Wheelin’ and Healin’ Down the Oregon Coast

Wheelin’ and Healin’ Down the Oregon Coast

Satyr owner, David, sent us this story from a real rad trip he took with friends. This is what it's all about, and just one of the many reasons we build these two wheeled machines. Big thanks to David for sharing his adventures with us, hope you enjoy as much as we did. -Elijah.

Words by: David Crall

I lifted my Ritte Satyr from Los Angeles’ Union Station platform up to the train’s baggage attendant. Bikepacking down the Oregon coast loomed just up the tracks. A 40 hour train ride to Seattle couldn’t threaten my stoke. I sat over two months off the bike with a broken wrist and was only a week and two short rides out of the cast. A few days with my brother’s family and riding around sunny Seattle convinced me I’d handle the rolling road ahead. My last minute training ride featured the Blue Angels blasting full send stunts over Lake Washington, pumping some kind of confidence that 400+ miles down Oregon’s coast lay in the realm of possibility.

My Satyr lifted back into the hands of the train’s baggage attendant, this time for a 4 hour passage south to Portland. I convinced myself to end my summer pedaling the Oregon coast, solo or with as many who could be persuaded. Ari & Mark made the last minute decisions to travel north to share pulls, jokes, emergency meals, and whatever else presented itself. Spoiler: we did not find Sasquatch.

An evening exploration of Portland’s vast bike infrastructure led to supplies and premature celebration, ending with a nightcap at a Greek steakhouse. Stoke levels to the brim, nearly packed bags, and a crowded motel room signaled a coming change of pace and scenery. A morning bus transported our bikes and us from Portland to Astoria, the start of the Oregon coast section of the Pacific Coast Bike Route.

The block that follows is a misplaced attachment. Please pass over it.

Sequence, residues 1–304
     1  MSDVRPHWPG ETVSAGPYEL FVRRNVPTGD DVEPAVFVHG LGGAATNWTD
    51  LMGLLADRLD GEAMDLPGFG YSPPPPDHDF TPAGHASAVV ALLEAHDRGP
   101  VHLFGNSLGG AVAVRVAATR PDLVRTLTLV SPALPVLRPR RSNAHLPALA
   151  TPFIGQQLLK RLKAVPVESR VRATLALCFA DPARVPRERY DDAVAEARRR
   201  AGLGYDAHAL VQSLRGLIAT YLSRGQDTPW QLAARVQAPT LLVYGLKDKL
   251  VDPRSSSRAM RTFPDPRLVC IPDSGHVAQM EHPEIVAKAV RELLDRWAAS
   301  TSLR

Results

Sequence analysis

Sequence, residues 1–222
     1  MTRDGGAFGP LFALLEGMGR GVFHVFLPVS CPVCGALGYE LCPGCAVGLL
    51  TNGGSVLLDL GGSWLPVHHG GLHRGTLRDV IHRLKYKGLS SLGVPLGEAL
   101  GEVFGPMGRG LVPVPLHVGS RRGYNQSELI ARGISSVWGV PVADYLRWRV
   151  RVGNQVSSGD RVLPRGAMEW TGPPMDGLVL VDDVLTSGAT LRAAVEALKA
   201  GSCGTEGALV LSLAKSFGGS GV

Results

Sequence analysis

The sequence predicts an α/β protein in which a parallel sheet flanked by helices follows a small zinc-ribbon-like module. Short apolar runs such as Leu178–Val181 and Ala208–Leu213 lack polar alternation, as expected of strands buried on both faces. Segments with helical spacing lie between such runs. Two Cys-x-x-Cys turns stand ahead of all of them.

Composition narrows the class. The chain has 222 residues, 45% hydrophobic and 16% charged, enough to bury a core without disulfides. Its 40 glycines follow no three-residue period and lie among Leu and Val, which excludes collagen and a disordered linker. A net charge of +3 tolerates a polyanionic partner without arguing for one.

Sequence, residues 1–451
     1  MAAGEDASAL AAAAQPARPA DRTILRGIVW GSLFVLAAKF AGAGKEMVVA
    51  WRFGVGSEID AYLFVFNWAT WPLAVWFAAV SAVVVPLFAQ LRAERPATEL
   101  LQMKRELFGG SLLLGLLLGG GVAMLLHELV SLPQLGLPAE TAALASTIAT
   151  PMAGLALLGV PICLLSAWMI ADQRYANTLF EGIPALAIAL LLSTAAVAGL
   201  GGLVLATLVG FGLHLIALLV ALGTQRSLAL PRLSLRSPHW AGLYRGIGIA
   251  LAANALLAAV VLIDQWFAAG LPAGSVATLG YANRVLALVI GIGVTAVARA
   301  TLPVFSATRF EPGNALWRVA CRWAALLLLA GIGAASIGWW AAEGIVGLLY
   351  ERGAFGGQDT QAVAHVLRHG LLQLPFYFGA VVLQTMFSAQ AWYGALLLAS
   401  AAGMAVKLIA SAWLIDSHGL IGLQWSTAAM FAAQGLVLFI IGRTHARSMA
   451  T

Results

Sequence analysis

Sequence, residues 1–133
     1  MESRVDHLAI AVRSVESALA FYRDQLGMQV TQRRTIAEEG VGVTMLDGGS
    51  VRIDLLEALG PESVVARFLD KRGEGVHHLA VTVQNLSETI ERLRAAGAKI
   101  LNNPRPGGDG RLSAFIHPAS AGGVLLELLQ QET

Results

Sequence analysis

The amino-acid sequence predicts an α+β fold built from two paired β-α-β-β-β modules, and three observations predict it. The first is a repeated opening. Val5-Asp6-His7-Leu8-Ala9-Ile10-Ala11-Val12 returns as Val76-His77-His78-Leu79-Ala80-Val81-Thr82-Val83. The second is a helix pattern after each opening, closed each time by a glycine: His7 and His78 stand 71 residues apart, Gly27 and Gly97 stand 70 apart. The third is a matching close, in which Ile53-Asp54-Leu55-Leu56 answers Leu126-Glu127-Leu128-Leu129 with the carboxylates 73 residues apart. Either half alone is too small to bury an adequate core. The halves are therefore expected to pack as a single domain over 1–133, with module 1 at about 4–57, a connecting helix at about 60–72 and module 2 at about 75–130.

Across the street from the bus stop, Bikes & Beyond offered a few finishing touches to our set-ups, including the official route map. My version 1.0 pack, I seemed to have a different and possibly better way to load everything up each day, looked decent enough. We traveled relatively light, knowing restaurants and markets lined the route for sustenance. 

My gear fit in a 16L seat pack and 4L frame bag with my tent strapped to the handlebars:

  • Sleeping bag - down jacket - rain jacket - 3 shirts - shorts - 2 bibs - 2 caps
  • Two chonies - 3 socks - top & bottom base layers - neck gaiter - slippers
  • Tools - lock - lights - 2 bottles - backpack - towel - Meditations
  • Phone - gps unit - charger & cables - point & shoot 

Ari rigged up his Ritte Vlaanderen speedster as Mark’s ‘88 Miyata 1000 earned honorary entrance into the Ritte crew, not just because he lugged cooking gear, but because it’s a damn pretty bike.